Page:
A city on the move has no decent roads yet
Those who were tuned in to the affairs of this city in the late 1980s and early 90s would easily recall a man who answered to the call of Sadashiv S Tinaikar. Smruti Koppikar writes.india Updated: Jun 05, 2013 12:55 IST
Those who were tuned in to the affairs of this city in the late 1980s and early 90s would easily recall a man who answered to the call of Sadashiv S Tinaikar. He, of the short-slight build, raspy voice, moral fibre and indomitable courage, was the municipal commissioner for four-five years from 1986 but occupied public imagination for years after his tenure had ended.
Often called 'Firebrand Tinaikar', his stint was best remembered for two reasons: one, he took on then seemingly invincible Shiv Sena stalwarts like Manohar Joshi and Datta Nalwade if they dared to interfere with the administration; and two, he demonstrated the power and authority of the chair he was in by calling the bluff of cartels that de facto called the shots in the corporation. Tinaikar took on the road construction cartel as a Japanese warrior would have.
Cornered companies in the cartel had no choice except to adhere to civic norms or risk being blacklisted; their pleas to corporators proved useless for Tinaikar would not entertain corporators who spoke on behalf of contractors and companies. "If we can send satellites into space, we can make good roads and provide clean water too," was his favourite refrain. He showed reporters how and where road construction contractors swindled the corporation. A story went around that he would drop in without any official paraphernalia to check on the mix at road construction sites for surprise checks.
Contractors of all specialities heaved a sigh of relief when his tenure ended. Fast forward 23 years. Mumbai is preparing for yet another monsoon with many major roads in various states of repair, other roads in pitiable conditions, potholes that can claim lives of those ride two-wheelers, road construction contracts under the Bombay high court scrutiny, contracts manipulated at low rates which are hiked after securing the work, and so on.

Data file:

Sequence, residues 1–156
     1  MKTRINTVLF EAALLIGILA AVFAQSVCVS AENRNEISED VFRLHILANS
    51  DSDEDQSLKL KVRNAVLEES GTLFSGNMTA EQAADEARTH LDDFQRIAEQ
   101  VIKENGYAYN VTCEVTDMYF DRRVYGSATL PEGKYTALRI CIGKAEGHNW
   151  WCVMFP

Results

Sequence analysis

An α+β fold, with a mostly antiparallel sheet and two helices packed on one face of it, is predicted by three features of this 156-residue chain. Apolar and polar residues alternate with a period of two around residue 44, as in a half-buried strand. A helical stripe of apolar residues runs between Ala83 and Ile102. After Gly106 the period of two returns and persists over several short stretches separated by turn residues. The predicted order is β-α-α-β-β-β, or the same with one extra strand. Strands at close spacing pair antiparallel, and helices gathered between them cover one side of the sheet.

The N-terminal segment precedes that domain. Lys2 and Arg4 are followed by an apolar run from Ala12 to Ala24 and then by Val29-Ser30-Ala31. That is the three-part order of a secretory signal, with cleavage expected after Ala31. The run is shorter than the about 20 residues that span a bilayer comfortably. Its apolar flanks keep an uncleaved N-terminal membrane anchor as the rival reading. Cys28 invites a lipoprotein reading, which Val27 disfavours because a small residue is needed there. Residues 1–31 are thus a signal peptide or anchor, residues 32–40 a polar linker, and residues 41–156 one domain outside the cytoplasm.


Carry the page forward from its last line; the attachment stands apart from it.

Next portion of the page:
This year's budget has set aside Rs. 2,323 crore for road development but let's parse last year's figures: beyond the budgetary allocation, the BMC set aside in September 2012 a grand figure of Rs. 1,000 crore for road development, nearly three-quarters of which was meant for reconstruction of major and minor roads and nearly Rs70 crore for evening out potholes. The terms 'reconstruction' and 'repair of potholes' say a lot. Why do roads once laid develop such serious problems that they must be reconstructed? Why do they have potholes if they were laid to specifications? Why indeed has the BMC found it so difficult to provide decent roads?
In the battle - or ostensible battle - between the civic administration and road contractors, it is not all that difficult for the administration to pull its weight to have errant contractors fall in line. If Tinaikar could do it then, commissioners can do it now. The setting up of an online system for complaints now tells civic chief Sitaram Kunte how deep the problem is; there was a 50 per cent increase in complaints between 2011 and 2012 and the maximum complaints were about bad/potholed/broken roads, according to an insightful report released by Praja Foundation last month.
And, what should we make of a little nugget in that report about our elected corporators and roads? They, who should make sure that complaints are attended to in ward committee meetings, spoke about roads only to focus on renaming them. Every fifth question was about naming and re-naming roads, the report stated.
Tinaikar passed away in May 2010. His regret remained that Mumbai, the city always on its move, had not yet got the roads it deserved.